tv Americas News HQ FOX News March 26, 2016 12:00pm-2:01pm PDT
trouble. that's all for us in washington, america's election headquarters. thanks for joining us. and we begin with a "fox news alert." major developments in the wake of the brussels terror attacks. i'm uma pemmaraju. belgian prosecutors confirm to fox news that a new suspect is now in custody. belgian media is reporting that he is the third bomber from the airport attack. however, we are still working to confirm this. here's a look at the suspect right now i fied as faycal cheffou, who claims to be a filmmaker and freelance journalist. this video shows him reporting outside a center in belgium for asylum seekers. let's get the latest from mike tobin joining us live in central brussels. what more can you tell us about
the suspect? >> reporter: uma, this is one of the guys who was picked up in that flurry of police activity thursday night. local media identifies him as faycal cheffou. they describe him as a self-declared or web journalist, and that's where we get the video of him from. the prosecutor's office has only identified him as faycal c, charged with participating in a terrorist attack, terrorist murder and attempted terrorist murder. local media says he is the mysterious third bomber, the man in the light coat to the far right of the shot. that third bomb is said to have been the largest and it did not go off. there has been a frenzy of police activity over the last three days, really. nine people have been picked up. two of them have been charged with participating in the activities of a terrorist organization. i should say two additional people have been charged with that. uma? >> mike, what more can you tell us about tomorrow's planned solidarity march? we understand it's being canceled. >> reporter: right. they were going to call it the march against fear, but the
interior minister has asked the organizers to call it off and asked people to stay home in part because the terror threat sea level still at its second highest level, level three. the march could provide a target. it seems the largest reason is because off police force out here that is already overworked and strained, and you get a big public event and you can further strain the resources of the police. uma? >> going the extra mile for security. mike, thank you very much. meantime, secretary of state john kerry speaking out in brussels defending president obama's response to these attacks and the administration's overall campaign to go after isis. >> the very region dash is resorting to actions outside the middle east is its fantasy of a caliphate is collapsing before their eyes. its territory is shrinking every day. its leaders are being decimated. its revenue sources are dwindling. and its fighters are fleeing.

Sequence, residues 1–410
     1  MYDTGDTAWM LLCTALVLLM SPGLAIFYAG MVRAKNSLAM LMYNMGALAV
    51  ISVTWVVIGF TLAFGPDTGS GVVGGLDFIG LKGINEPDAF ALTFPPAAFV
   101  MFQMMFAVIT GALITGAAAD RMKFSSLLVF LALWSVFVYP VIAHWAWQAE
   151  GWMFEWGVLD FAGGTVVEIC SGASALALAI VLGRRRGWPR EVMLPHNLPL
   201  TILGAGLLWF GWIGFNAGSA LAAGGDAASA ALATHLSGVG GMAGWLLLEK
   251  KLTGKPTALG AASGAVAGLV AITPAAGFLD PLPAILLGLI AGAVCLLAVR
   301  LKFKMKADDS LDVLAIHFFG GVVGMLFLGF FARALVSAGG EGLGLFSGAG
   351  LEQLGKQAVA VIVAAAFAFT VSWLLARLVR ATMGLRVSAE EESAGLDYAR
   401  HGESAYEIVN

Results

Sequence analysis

>> let's bring in now general michael flynn, former director of the intelligence agency in the obama administration. honor to have you here. welcome to the program. >> nice to be with you, uma. >> you have been saying the obama administration must recognize radical islam for what it is and stop the political correctness, yet the white house will not call what happened in belgium and other terrorist incident acts by islamic terrorists. what do you make of john kerry's remarks we're winning the fight and the reason isis is resorting to action outside the middle east is its fantasy of a caliphate is now collapsing? how can we say that we're winning against isis at a time when they continue to kill and launch attacks? >> yeah. john kerry, secretary kerry, he's living in a world but it's not the world that most of us are living on or living in